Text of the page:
int        resourceId        = Context.Resources.GetIdentifier(resourceName,
                                                "drawable", Context.PackageName);

        bmp = BitmapDescriptorFactory.FromResource(resourceId);
        marker.SetIcon(bmp);

        _map.AddMarker(marker);
    }

    _isDrawingDone = true;
}

 

Customizing the popup info window

Customizing the popup info window is a different kettle of fish ('une autre paire de manche' en françaisJ)

Why?

Simply because the google maps documentation says that the info window is a View, but specify this interesting note:

Note: The info window that is drawn is not a live view. The view is rendered as an image (using View.draw(Canvas)) at the time it is returned. This means that any subsequent changes to the view will not be reflected by the info window on the map.

   

To update the info window later (for example, after an image has loaded), call showInfoWindow(). Furthermore, the info window will not respect any of the interactivity typical for a normal view such as touch or gesture events. However you can listen to a generic click event on the whole info window as described in the section below.

 

So, it IS a View… but NOT REALLYJ

Let us be more specific: it is NOT a view. It is actually a Bitmap.

 

Anyway, to be able to customize the info window, our renderer must implement the GoogleMap.IInfoWindowAdapter Interface. Which defines two methods:

  • View GetInfoContents(Marker marker);
  • View GetInfoWindow(Marker marker);

 

GetInfoWindow: returns the entire popup window. If it returns null, then it is GetInfoContents which will define the contents of the default info window frame of the marker popup.

As the 'pseudo-view' returned in both cases are not really views but bitmaps, our task is to compose a view of the pin information before transforming this to a bitmap.

 

In our current exercise, we will return the window content. Therefor our GetInfoWindow() will return null.

public Android.Views.View GetInfoWindow(Marker marker)
{
    return null;
}

From Xamarin Forms Xaml à to Native View à to Bitmap: dangerous tour!

As I am not a 'droid boy', I decided to create a Xamarin Forms control (ContentView) and use this in the custom renderer. You may of course decide differently to use a Droid axml control. In both ways, we will have to convert that control's content into Bitmap.

Here is my ContentView Xaml (assumed to be bound to an iCustomPin):

 

<StackLayout Spacing="4" >
    <Image Source="{Binding ImageFile}"
            WidthRequest="84" HeightRequest="84" HorizontalOptions="StartAndExpand" />
    <Label FontAttributes="Bold" Text="{Binding Name}" />
    <BoxView HeightRequest="1" BackgroundColor="Gray"
                HorizontalOptions="FillAndExpand" VerticalOptions="Start" />
    <Label x:Name="labelText" Text="{Binding MapPinText}" LineBreakMode="WordWrap" />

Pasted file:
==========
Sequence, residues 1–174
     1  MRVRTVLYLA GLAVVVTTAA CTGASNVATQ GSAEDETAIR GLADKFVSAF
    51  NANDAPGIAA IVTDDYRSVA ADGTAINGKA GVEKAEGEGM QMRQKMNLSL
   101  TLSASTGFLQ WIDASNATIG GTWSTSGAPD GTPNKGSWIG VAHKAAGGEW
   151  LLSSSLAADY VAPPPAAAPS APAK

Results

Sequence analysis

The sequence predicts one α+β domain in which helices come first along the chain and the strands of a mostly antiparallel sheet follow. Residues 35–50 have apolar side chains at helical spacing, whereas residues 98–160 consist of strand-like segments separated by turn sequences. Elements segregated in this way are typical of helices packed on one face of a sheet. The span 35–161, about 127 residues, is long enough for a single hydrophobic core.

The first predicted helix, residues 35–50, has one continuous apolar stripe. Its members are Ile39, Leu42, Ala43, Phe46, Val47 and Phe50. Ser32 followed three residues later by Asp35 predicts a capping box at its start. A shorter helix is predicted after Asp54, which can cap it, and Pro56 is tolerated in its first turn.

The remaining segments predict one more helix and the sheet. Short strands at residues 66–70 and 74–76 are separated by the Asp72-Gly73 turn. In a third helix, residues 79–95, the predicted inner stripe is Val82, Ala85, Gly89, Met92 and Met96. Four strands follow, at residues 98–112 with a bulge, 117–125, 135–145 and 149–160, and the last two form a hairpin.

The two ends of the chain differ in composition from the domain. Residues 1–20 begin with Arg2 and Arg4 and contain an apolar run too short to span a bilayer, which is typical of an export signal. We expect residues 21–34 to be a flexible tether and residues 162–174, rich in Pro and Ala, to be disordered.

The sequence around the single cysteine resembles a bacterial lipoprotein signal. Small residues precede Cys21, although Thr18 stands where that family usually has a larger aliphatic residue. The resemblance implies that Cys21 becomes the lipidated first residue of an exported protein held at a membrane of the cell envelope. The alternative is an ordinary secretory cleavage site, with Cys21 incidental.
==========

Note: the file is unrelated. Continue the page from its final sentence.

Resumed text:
</StackLayout>

Our GetInfoContents method will have to:

  • Identify the clicked custom pin
  • Set the binding context of the above ContentView to that pin
  • Transform that XF control to a native Droid ViewGroup
  • Transform the resulting droid native ViewGroup into a bitmap to be returned to Google maps.

The following code illustrates these steps:

 

 

iMapPinInfoCtrl        xamInfoPanel    = new iMapPinInfoCtrl();

public Android.Views.View GetInfoContents(Marker marker)
{
    iCustomMap     myMap         = this.Element as iCustomMap;
    iCustomPin     customPin     = myMap.GetPinAtPosition(
                new Position(marker.Position.Latitude, marker.Position.Longitude));
    double            infoWidth        = this.Control.Width * 0.70,
                        infoHeight        = 380.0 / 2.8;
    SamplePlace    place                = customPin.DataObject as SamplePlace;

    xamInfoPanel.BindingContext = place;

    // get the droid native control
    ViewGroup    viewGrp        = DroidXFUtilities.ConvertFormsToNative(
                xamInfoPanel.Content, new Rectangle(0, 0, infoWidth, infoHeight));

    // transform the native control into a bitmap
    Bitmap        bmp            = DroidXFUtilities.ViewGroupToBitmap(viewGrp,
                                                    this.Context,
                                                    (int)infoWidth, (int)infoHeight,
                                                    true);

    _pinImage.SetImageBitmap(bmp);

    return _pinImage;
}

To Native ViewGroup

An interesting post from Michael Ridland helped solve this task!

Get the native droid ViewGroup of XF View code snippet:

 

public static ViewGroup ConvertFormsToNative(Xamarin.Forms.View view,
                                            Rectangle size)
{
    var        vRenderer        = Platform.CreateRenderer(view);
    var        viewGroup        = vRenderer.ViewGroup;

    vRenderer.Tracker.UpdateLayout();

    var        layoutParams    = new ViewGroup.LayoutParams((int)size.Width, (int)size.Height);

    viewGroup.LayoutParameters        = layoutParams;
    viewGroup.DrawingCacheEnabled    = true;
    view.Layout(size);
    viewGroup.Layout(0, 0, (int)size.Width, (int)size.Height);